LOS ANGELES — Bettie Page, the 1950s secretary-turned-model whose controversial photographs in skimpy attire or none at all helped set the stage for the 1960s sexual revolution, died Thursday. She was 85.
Page suffered a heart attack last week in Los Angeles and never regained consciousness, her agent Mark Roesler said. Before the heart attack, Page had been hospitalized for three weeks with pneumonia.
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"She captured the imagination of a generation of men and women with her free spirit and unabashed sensuality," Roesler said. "She is the embodiment of beauty."
Page, who was also known as Betty, attracted national attention with magazine photos of her sensuous figure in bikinis and see-through lingerie.
Her photos included a centerfold in the January 1955 issue of then-fledgling Playboy magazine, as well as controversial sadomasochistic poses.
The latter helped contribute to her mysterious disappearance from the public eye, which lasted decades and included years during which she battled mental illness and became a born-again Christian.
After resurfacing in the 1990s, she occasionally granted interviews but refused to allow her picture to be taken.
"I don't want to be photographed in my old age," she told an interviewer in 1998.
In the 21st century, she became the subject of songs, biographies, Web sites, comic books, movies and documentaries. A new generation of fans bought thousands of copies of her photos, and some feminists hailed her as a pioneer of women's liberation.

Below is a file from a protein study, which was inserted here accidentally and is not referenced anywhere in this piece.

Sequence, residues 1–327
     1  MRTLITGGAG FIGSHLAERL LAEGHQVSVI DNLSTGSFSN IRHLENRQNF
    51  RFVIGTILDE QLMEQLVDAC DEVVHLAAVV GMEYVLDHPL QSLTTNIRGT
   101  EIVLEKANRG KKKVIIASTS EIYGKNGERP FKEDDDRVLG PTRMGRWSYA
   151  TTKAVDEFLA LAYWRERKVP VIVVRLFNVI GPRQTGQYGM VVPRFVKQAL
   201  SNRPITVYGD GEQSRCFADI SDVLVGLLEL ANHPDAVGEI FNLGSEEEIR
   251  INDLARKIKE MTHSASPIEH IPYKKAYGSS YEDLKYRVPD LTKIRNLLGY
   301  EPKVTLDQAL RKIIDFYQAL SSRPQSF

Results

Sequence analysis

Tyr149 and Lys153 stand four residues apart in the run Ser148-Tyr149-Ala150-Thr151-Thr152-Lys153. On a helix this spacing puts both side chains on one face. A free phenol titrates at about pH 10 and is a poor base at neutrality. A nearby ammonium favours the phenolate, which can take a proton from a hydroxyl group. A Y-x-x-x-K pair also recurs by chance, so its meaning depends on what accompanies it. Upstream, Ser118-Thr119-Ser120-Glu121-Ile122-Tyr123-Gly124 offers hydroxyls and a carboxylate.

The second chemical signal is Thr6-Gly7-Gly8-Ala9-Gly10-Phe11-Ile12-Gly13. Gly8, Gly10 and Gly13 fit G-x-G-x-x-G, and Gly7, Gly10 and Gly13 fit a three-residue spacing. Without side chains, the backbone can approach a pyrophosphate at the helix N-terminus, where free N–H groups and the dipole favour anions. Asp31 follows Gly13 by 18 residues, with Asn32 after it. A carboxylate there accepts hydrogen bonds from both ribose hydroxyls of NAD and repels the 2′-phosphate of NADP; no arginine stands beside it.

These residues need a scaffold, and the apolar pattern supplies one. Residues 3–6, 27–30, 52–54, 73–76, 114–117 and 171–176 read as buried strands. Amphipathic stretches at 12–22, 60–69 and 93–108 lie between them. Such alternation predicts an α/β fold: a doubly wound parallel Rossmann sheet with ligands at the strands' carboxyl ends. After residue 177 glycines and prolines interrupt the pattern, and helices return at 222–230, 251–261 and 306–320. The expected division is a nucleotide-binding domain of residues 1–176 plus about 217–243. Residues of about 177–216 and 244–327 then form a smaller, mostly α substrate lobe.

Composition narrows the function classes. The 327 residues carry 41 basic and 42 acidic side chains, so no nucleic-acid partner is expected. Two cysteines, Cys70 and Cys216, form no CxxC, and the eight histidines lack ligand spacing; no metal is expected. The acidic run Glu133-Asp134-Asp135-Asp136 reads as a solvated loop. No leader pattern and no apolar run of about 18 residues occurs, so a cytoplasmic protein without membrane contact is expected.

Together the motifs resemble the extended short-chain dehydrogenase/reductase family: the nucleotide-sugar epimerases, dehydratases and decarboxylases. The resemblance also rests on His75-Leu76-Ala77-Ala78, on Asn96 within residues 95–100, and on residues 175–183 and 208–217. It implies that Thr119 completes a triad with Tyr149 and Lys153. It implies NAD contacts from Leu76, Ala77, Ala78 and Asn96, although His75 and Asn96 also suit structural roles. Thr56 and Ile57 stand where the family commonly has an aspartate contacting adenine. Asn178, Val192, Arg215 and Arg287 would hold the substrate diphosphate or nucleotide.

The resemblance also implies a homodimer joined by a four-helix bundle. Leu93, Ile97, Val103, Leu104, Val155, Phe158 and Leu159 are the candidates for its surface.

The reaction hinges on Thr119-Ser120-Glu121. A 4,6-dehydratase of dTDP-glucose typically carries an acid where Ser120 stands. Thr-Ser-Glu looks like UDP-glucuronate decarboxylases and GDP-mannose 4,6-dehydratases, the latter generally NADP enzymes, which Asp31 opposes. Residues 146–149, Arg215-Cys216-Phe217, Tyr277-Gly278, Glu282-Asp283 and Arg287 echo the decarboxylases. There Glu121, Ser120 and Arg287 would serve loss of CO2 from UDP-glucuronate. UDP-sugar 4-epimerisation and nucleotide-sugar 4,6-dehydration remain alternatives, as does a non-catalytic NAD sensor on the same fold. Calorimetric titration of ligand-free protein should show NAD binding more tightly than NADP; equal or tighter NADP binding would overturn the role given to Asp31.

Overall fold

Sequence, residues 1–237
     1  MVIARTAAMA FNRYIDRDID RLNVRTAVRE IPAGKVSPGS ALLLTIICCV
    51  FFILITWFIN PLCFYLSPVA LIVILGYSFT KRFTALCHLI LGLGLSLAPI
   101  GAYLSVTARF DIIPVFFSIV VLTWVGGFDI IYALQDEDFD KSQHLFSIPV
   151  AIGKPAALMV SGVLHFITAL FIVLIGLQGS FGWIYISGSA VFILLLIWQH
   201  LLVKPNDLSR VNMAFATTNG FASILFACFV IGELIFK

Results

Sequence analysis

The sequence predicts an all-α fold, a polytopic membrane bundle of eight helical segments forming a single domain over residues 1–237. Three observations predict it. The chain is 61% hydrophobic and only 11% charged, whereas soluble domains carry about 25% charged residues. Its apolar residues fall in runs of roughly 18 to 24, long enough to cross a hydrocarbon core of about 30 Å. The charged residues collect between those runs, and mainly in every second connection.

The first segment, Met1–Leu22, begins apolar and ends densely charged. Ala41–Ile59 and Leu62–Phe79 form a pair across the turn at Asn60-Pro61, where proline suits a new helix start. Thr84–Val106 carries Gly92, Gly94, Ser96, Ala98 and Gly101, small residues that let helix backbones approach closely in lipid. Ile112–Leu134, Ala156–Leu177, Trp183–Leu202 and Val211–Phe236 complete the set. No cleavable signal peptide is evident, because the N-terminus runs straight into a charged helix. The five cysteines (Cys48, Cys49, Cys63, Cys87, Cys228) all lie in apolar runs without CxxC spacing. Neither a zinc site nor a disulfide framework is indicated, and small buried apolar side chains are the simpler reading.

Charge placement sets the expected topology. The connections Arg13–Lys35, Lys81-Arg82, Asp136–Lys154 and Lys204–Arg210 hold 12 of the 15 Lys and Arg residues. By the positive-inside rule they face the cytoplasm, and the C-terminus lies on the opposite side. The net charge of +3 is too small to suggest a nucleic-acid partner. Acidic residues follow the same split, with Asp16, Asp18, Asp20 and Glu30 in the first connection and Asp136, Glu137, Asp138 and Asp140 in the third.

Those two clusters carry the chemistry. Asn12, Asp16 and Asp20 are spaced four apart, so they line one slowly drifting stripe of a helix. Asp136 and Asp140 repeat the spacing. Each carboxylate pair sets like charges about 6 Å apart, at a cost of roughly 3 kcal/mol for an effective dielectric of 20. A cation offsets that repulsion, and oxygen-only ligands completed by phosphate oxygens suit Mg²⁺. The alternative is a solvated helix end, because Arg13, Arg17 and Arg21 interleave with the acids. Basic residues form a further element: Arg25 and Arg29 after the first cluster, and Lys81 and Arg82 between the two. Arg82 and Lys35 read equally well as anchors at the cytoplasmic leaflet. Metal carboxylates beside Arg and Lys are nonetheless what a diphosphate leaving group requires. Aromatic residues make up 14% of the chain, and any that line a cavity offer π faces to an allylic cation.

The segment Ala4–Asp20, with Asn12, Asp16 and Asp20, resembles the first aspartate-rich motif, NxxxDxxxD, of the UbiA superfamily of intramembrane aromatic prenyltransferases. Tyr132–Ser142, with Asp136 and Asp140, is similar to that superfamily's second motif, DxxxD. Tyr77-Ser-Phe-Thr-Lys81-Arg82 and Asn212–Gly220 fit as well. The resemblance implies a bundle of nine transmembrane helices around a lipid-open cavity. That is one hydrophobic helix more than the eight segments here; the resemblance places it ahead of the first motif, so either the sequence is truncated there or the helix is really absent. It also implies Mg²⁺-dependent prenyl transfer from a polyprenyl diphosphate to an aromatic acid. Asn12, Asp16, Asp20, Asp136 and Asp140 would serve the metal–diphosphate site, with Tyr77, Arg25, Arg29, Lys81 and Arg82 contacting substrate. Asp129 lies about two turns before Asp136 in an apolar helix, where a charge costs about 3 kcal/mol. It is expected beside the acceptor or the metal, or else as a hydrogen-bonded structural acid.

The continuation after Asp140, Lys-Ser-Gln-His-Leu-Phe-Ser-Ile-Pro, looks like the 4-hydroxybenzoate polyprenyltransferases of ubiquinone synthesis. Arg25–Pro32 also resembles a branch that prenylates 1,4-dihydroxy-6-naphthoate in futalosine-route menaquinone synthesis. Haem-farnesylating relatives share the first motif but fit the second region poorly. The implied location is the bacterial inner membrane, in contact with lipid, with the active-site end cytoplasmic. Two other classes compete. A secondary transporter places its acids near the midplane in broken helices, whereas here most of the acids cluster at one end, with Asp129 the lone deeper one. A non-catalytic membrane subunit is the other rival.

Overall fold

Gretchen Mol portrayed her in 2005's The Notorious Bettie Page, and Paige Richards had the role in 2004's Bettie Page: Dark Angel. Page herself took part in the 1998 documentary Betty Page: Pinup Queen.
Her career began in 1950 when she took a respite from her job as a secretary in New York for a walk at Coney Island. An amateur photographer, Jerry Tibbs admired the 27-year-old's firm, curvy body and asked her to pose.
Looking back on the career that followed, she told Playboy in 1998, "I never thought it was shameful. I felt normal. It's just that it was much better than pounding a typewriter eight hours a day, which gets monotonous."
Nudity didn't bother her, she said, explaining: "God approves of nudity. Adam and Eve in the Garden of Eden, they were naked as jaybirds."
In 1951, Page fell under the influence of a photographer and his sister who specialized in S&M. They cut her hair into the dark bangs that became her signature and posed her in spiked heels and little else.
Moralists denounced the photos as perversion, and Sen. Estes Kefauver of Tennessee, Page's home state, launched a congressional investigation.
Page quickly retreated from public view.
Her turbulent life included early molestation by her father, she said, followed by three failed marriages, her photo career, a full-time job working for evangelist Billy Graham, a mental breakdown and 20 months in a mental hospital after being diagnosed with acute schizophrenia.
Cajoled into an autograph-signing session in the '90s, she sold thousands of autographs for hundreds of dollars to a new generation of fans.